submitted an amicus brief to the U.S. Supreme Court in the case of NIFLA v. Becerra.6 ○ During the 2012 presidential election, Ambassador Glendon appeared in a video defending then-candidate ’s anti-choice record.7 ○ Ambassador Glendon has been a longtime opponent of LGBTQ rights and argued in a 2004 Wall Street Journal opinion piece that the legalization of same-sex marriage would “impair” the rights of children.8 ● Dr. Peter Berkowitz ○ Dr. Berkowitz has been a featured speaker for panels hosted by Alliance Defending Freedom (ADF).9 ADF’s work includes funding cases and training attorneys about “religious freedom,” “the sanctity of life,” and “marriage and family.”10 ADF has been designated as a hate group by the Southern Poverty Law Center.11 ● Professor Paolo Carozza ○ In 2016, Professor Carozza spoke on a panel hosted by the Notre Dame Right to Life Club about creating a “pro-life world.”12 Professor Carozza’s remarks focused specifically on the role of his “pro-life vision” in international development.13 ○ Professor Carozza has argued that for-profit companies should be allowed to use religion to justify refusing to include coverage of contraception in employer-sponsored health insurance.14 ○ In a 2015 law journal article, Professor Carozza discussed the “right to life of the unborn” in the context of international human rights and criticized a decision by the Inter-American Court that ended a ban on in vitro fertilization in Costa Rica.15 ● Professor Hamza Yusuf Hanson ○ In 2018, Professor Yusuf Hanson published an article in which he argued that “the desire for independence from children in a world that has devalued motherhood through intense individualistic social pressures related to meritocracy, psychology, and even the misuse of praiseworthy gender egalitarianism” is one of the “primary reasons people in the West today choose abortions.”16 He further stated that “abortion, with rare exception, must be seen for what it is: an assault on a sanctified life, in a sacred space, by a profane hand.”17 ● Dr. Jacqueline Rivers ○ Dr. Rivers signed onto a letter with dozens of anti-choice advocates criticizing then-candidate Hillary Clinton for her pro-choice views.18 ○ Dr. Rivers has been a longtime opponent of LGBTQ rights and has endorsed the view that same-sex marriage is a “parody” and a “fiction.”19 ● Rabbi Dr. Meir Soloveichik ○ In 2012, Rabbi Soloveichik argued against insurance coverage of contraception in an opinion piece in the Wall Street Journal.20


● Dr. Christopher Tollefsen ○ Dr. Tollefsen has argued that “contraception is morally impermissible” and that abortion is “the unjust and intentional taking of innocent human life.”21 ● Mr. F. Cartwright Weiland ○ While working for the Texas Conservative Coalition Research Institute, Mr. Weiland helped prepare several amicus briefs submitted to the U.S. Supreme Court in Whole Woman’s Health v. Hellerstedt in defense of Texas’s unconstitutional clinic shutdown law.22 ○ Mr. Weiland has cited heavily doctored and now discredited videos from the anti-choice group Center for Medical Progress as evidence that states should impose more restrictive on abortion providers. 23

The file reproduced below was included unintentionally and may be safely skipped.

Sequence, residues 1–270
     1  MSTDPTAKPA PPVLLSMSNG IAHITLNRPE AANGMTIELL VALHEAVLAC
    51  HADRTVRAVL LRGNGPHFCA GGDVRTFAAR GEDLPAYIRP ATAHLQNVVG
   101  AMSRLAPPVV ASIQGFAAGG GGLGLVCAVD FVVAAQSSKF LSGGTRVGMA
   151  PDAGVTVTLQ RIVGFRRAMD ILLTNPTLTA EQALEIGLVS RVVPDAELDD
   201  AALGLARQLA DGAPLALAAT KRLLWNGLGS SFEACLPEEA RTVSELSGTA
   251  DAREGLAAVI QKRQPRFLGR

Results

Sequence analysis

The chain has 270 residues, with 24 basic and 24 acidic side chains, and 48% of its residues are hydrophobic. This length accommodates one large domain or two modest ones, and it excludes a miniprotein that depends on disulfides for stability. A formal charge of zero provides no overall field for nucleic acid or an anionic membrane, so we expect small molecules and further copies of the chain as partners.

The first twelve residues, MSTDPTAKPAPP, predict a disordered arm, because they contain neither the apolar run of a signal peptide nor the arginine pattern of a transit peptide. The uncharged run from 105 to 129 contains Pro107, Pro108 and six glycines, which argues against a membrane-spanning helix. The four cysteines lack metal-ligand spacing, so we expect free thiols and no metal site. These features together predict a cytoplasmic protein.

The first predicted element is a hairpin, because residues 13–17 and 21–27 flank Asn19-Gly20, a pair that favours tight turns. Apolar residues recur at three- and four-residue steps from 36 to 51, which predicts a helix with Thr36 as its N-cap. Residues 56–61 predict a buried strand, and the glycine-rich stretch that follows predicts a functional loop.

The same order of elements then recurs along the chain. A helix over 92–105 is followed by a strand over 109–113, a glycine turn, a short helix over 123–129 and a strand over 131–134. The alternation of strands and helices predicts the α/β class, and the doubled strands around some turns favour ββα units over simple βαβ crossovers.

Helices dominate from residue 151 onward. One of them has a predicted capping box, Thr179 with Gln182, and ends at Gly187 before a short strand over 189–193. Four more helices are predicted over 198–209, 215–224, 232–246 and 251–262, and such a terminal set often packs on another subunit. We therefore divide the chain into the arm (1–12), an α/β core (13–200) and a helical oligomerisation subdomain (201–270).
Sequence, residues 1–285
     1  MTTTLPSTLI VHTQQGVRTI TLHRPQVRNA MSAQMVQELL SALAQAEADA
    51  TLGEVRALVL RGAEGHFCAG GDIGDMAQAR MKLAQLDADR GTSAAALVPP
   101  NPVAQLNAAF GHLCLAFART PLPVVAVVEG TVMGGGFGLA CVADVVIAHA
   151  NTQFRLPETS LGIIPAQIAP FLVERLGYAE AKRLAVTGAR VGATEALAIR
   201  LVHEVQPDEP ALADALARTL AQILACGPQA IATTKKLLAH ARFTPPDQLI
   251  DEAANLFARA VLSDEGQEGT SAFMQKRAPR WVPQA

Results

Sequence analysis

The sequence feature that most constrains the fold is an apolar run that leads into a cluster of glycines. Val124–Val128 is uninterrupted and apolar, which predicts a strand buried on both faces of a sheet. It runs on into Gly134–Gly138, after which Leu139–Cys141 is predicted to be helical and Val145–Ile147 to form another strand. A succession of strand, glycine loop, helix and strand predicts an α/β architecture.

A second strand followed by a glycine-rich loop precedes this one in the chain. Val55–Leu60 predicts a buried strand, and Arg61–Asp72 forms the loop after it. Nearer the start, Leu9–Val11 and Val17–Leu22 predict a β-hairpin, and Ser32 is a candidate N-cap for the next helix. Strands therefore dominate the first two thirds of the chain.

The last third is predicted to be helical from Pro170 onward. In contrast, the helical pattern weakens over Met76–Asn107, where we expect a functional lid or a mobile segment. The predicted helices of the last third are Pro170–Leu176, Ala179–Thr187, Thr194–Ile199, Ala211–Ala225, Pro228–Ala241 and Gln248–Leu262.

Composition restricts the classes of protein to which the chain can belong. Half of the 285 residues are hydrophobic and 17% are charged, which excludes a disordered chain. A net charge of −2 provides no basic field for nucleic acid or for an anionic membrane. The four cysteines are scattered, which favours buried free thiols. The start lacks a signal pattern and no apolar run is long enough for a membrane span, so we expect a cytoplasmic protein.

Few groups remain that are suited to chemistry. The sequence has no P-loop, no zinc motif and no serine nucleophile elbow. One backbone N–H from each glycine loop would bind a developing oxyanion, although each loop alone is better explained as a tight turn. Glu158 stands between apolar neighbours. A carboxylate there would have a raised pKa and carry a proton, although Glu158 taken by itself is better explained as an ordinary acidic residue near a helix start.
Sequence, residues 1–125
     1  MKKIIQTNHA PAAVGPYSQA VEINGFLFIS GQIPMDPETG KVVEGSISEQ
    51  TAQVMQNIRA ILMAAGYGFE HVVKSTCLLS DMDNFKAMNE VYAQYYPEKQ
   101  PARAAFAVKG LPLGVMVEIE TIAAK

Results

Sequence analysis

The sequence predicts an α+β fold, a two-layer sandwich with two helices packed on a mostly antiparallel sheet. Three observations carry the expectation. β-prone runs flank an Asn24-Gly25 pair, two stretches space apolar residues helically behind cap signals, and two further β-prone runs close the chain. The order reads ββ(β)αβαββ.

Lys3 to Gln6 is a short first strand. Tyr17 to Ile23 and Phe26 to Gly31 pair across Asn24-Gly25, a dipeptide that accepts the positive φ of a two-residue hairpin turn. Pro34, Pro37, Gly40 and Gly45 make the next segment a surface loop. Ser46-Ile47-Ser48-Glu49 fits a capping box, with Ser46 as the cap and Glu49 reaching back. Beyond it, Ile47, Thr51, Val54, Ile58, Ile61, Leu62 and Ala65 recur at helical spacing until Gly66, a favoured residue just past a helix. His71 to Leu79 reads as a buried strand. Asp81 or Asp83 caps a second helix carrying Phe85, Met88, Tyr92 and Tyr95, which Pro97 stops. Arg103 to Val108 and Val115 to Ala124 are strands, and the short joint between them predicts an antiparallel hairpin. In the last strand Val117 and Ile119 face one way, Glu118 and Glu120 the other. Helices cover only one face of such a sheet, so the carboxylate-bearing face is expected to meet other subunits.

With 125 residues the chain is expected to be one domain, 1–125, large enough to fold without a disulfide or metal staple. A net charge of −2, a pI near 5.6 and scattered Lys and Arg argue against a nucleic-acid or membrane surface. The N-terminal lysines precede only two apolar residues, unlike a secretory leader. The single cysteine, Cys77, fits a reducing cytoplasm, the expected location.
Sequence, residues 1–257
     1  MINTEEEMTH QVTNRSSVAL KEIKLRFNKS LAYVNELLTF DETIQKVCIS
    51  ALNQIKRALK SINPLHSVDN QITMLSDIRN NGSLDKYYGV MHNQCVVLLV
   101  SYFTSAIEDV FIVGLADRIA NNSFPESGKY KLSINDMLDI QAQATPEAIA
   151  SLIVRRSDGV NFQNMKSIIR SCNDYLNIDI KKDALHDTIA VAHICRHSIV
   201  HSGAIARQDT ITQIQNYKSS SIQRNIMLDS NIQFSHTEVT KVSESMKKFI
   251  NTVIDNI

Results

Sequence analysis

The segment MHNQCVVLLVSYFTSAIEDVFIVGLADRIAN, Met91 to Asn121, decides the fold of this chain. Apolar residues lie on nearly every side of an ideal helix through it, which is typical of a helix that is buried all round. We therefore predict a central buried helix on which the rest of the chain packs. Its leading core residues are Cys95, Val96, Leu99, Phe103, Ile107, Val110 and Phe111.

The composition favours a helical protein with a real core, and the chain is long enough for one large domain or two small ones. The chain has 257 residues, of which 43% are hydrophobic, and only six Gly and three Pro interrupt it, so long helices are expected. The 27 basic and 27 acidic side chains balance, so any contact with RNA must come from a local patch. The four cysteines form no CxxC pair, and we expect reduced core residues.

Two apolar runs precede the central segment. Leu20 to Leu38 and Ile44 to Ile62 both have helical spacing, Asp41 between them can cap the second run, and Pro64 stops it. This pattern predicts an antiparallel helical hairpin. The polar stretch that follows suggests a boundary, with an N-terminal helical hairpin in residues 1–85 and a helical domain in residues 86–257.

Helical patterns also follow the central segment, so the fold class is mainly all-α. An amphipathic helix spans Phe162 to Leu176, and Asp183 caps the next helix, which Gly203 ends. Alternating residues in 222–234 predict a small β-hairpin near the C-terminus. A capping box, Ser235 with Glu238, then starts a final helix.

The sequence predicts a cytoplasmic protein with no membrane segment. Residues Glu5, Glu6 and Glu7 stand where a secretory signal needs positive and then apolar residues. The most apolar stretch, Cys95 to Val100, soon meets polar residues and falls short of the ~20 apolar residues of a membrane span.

III. Commissioners’ Statements During Public Hearings Suggest the Commission Will Seek to Establish a False Hierarchy of Rights and Diminish the Value of Reproductive Freedom

Based on comments made by members of the Commission during public hearings, NARAL is deeply concerned that the Commission’s final product will seek to reinterpret the agreed- upon international human rights framework in a manner that seeks to establish a false and preferential hierarchy of rights that specifically prioritizes freedom of religion or belief over other human rights, particularly reproductive freedom.

A prioritization of freedom of religion or belief over the enjoyment of other human rights would constitute a violation of the United States’ binding obligations under human rights law. As the Universal Declaration of Human Rights (“UDHR”) and subsequent human rights treaties make clear, human rights are interdependent, interrelated, and equal in importance.24 The principle that all rights are equal is a product of the indivisibility of human rights: the denial of one right necessarily impedes the enjoyment of other rights. As Ken Roth, Executive Director of Human Rights Watch, highlighted during his testimony before the Commission, the Human Rights Committee (the body of independent experts that monitors implementation of the International Covenant on Civil and Political Rights (“ICCPR”) by its State parties) “has explained that freedom of thought, conscience, and religion does not protect religiously motivated discrimination against women or racial minorities.”25

Some members of the Commission have openly discussed the “prioritization” of some rights over others during Commission meetings. This discussion has primarily focused on prioritizing freedom of religion over other rights, such as the right to health or the right to be free from discrimination. Some commissioners have suggested that the human rights framework is poorly defined or has been stretched to cover “new” rights. Some have also suggested that it is up to the Commission to differentiate between “alleged” rights claims and those rights that are “unalienable.”26 During the Commission’s third meeting, Commissioner David Pan responded to remarks by Michael Abramowitz of Freedom House